Property Management and Sharing
Blockchain has infinite possibilities as a record-keeper in the sharing economy. For example, it could be used to create smart contracts—automated transactions of room rental services, such as AirBnB, or even to rent out tools, vehicles, and other assets. Peer-to-peer car sharing has emerged as another potential use case for blockchain technology. In the future, you might buy a share of a car rather than the entire vehicle—a much more affordable investment.
Today, though, several software developers are using blockchain in real estate technology tools. For example, ManageGo has incorporated blockchain in its rental property management software. Backed by DLT, the software helps property managers process contracts and manage details like maintenance tickets more quickly and securely.
IoT and blockchain are still relatively young technologies, and we can expect a lot of evolution in the years to come. There are plenty of challenges for innovators to overcome in joining the two together, including the current lack of a software standard to connect blockchain with IoT infrastructure. Blockchain systems will need to be adapted to work with the limitations of IoT devices. And IoT devices may need to be altered to include sufficient memory to act as a node, or routed through a gateway device that serves as the node.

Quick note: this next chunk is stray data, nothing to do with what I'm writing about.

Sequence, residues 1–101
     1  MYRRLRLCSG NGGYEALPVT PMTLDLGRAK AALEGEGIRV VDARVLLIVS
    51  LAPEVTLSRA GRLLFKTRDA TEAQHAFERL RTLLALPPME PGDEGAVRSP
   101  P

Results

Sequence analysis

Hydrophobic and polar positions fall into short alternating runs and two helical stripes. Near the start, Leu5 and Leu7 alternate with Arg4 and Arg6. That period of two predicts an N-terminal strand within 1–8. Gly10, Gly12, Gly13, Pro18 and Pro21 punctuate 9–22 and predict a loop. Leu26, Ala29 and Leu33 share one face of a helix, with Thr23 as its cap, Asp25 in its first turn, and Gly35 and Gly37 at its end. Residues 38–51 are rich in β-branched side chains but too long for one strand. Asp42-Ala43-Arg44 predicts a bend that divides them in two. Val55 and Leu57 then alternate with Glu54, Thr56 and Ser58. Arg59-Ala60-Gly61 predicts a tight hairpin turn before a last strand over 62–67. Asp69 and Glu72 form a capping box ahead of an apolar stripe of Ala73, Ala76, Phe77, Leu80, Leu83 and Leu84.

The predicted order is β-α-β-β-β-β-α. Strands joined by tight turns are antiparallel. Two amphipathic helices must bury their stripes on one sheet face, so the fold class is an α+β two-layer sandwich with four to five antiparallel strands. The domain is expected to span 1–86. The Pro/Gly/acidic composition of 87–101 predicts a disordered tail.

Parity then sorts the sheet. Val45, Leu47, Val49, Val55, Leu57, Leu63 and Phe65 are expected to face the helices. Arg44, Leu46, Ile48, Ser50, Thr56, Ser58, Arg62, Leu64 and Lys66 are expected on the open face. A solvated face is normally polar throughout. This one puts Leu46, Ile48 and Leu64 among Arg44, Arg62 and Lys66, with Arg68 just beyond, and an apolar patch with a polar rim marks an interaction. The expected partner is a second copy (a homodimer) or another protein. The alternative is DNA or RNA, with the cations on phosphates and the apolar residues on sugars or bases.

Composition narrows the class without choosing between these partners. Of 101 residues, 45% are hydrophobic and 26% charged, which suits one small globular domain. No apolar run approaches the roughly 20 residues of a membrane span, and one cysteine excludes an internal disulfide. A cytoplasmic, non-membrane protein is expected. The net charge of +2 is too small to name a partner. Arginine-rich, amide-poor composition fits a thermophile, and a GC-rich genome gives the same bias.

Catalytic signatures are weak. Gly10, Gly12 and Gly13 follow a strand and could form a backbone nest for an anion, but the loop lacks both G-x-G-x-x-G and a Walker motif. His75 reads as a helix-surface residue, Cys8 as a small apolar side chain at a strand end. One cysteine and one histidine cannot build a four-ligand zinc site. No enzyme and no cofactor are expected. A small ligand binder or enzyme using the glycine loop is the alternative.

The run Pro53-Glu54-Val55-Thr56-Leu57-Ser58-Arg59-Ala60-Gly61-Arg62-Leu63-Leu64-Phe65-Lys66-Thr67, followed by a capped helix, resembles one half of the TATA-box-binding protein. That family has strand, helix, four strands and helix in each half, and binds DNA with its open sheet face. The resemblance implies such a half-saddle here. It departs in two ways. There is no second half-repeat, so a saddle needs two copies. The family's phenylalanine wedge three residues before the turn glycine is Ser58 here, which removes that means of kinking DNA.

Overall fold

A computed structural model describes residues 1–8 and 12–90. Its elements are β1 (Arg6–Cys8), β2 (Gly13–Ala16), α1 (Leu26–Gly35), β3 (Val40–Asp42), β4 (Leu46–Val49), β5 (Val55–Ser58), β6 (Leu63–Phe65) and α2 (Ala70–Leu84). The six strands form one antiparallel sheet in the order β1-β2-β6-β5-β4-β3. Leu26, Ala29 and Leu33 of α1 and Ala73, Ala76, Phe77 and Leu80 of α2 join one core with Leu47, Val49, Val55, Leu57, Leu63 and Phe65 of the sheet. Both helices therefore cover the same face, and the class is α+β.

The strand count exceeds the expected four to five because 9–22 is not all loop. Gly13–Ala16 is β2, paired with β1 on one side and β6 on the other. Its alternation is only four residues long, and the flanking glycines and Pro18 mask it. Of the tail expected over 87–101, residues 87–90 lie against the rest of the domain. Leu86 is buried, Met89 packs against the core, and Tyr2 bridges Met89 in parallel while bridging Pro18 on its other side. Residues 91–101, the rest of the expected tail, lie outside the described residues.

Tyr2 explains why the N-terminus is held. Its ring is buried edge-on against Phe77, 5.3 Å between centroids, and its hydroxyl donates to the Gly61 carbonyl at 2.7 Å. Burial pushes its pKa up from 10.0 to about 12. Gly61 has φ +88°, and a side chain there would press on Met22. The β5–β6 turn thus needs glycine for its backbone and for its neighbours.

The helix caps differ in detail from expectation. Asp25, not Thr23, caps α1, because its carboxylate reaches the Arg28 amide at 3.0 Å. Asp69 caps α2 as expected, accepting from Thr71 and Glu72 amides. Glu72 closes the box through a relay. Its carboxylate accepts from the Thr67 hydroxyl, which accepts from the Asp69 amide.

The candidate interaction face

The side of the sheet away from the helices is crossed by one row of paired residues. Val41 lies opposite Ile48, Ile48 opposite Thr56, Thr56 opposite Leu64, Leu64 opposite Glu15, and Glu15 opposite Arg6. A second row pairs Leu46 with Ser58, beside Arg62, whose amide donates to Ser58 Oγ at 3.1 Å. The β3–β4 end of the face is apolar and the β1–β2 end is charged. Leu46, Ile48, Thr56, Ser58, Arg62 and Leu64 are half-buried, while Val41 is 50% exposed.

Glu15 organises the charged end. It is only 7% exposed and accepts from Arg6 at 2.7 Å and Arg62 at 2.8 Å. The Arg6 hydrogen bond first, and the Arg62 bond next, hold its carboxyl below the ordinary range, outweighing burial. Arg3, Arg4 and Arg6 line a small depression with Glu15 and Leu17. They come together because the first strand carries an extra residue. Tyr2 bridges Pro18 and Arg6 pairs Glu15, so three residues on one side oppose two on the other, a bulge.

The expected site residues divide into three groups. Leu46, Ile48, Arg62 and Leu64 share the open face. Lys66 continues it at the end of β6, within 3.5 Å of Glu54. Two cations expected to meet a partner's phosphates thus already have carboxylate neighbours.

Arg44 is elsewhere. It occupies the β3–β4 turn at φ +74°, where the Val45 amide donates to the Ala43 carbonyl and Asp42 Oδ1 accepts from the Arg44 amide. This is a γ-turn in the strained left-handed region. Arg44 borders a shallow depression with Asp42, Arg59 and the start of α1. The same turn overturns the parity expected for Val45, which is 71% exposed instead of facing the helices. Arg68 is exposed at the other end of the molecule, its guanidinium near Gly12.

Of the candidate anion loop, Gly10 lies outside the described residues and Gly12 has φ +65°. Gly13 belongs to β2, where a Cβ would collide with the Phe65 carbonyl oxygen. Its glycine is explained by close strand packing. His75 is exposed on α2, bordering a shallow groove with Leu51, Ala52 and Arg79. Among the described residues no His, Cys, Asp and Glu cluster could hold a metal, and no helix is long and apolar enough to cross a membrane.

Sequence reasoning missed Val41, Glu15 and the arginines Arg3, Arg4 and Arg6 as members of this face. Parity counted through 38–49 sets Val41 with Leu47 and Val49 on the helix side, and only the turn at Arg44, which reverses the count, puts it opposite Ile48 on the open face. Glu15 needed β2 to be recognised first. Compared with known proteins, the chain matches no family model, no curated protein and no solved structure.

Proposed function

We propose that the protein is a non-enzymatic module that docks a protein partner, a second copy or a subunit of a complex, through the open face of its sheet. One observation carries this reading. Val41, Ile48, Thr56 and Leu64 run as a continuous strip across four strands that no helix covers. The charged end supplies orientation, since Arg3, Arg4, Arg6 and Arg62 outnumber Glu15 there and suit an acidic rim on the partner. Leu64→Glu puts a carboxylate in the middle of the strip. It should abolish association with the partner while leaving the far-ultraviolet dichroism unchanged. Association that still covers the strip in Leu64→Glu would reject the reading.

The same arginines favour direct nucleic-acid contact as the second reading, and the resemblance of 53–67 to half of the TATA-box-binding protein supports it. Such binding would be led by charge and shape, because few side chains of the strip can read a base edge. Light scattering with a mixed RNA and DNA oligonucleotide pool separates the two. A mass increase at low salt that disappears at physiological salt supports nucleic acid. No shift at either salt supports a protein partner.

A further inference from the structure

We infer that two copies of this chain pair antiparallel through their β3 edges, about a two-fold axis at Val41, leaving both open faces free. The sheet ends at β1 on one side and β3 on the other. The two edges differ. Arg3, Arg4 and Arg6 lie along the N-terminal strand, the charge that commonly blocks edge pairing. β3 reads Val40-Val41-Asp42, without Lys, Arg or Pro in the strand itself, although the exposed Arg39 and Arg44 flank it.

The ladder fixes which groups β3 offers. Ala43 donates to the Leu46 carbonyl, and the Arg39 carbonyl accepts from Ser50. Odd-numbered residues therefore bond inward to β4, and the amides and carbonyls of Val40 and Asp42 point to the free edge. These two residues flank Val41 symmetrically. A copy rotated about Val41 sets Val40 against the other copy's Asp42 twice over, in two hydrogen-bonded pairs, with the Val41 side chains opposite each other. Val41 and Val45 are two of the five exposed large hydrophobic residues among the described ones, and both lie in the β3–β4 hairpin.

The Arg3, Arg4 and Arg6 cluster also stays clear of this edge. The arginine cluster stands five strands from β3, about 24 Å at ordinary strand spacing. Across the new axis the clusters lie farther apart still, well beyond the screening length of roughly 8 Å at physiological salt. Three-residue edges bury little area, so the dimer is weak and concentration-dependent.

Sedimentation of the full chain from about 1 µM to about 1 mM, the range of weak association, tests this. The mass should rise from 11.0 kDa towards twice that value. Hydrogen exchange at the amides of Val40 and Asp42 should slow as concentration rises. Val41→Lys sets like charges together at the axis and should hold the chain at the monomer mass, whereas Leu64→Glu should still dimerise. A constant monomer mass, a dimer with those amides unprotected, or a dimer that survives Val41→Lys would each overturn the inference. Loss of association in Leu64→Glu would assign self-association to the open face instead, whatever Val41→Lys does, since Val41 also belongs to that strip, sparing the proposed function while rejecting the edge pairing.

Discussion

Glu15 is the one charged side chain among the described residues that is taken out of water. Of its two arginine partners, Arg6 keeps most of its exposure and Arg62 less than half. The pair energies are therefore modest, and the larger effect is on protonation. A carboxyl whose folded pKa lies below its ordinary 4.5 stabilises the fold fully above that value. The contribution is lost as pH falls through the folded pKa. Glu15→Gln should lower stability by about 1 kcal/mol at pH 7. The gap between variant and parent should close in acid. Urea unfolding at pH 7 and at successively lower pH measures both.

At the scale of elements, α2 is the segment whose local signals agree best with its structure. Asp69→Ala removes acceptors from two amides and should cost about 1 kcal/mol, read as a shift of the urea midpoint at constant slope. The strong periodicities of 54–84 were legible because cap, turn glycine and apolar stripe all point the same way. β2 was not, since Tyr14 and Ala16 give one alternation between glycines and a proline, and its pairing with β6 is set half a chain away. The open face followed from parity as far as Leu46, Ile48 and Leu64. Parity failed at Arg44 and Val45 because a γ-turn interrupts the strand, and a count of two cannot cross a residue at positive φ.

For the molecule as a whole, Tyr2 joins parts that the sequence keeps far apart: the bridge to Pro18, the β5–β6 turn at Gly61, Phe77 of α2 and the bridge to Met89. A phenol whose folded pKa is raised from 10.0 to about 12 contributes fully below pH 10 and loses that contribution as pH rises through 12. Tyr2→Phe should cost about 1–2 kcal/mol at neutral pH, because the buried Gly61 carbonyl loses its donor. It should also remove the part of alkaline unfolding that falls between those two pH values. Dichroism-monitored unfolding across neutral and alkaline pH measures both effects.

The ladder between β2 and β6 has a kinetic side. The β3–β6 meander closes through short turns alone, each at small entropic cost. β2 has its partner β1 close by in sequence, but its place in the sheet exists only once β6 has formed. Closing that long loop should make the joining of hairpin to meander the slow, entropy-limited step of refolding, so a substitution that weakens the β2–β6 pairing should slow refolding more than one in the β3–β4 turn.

But the promise of pairing blockchain with IoT is enough motivation for innovators to explore solutions to these problems. Tools such as the IBM Blockchain Platform allow developers to create new solutions across computing environments.
In the future, blockchain-enabled edge gateways and nodes will be able to verify firmware levels and security patches, authenticate and validate connections, rotate certificates, and more. IoT network managers will have a clear, verified record of timestamped data transactions among their devices—and they can pass that confidence along to their clients and customers.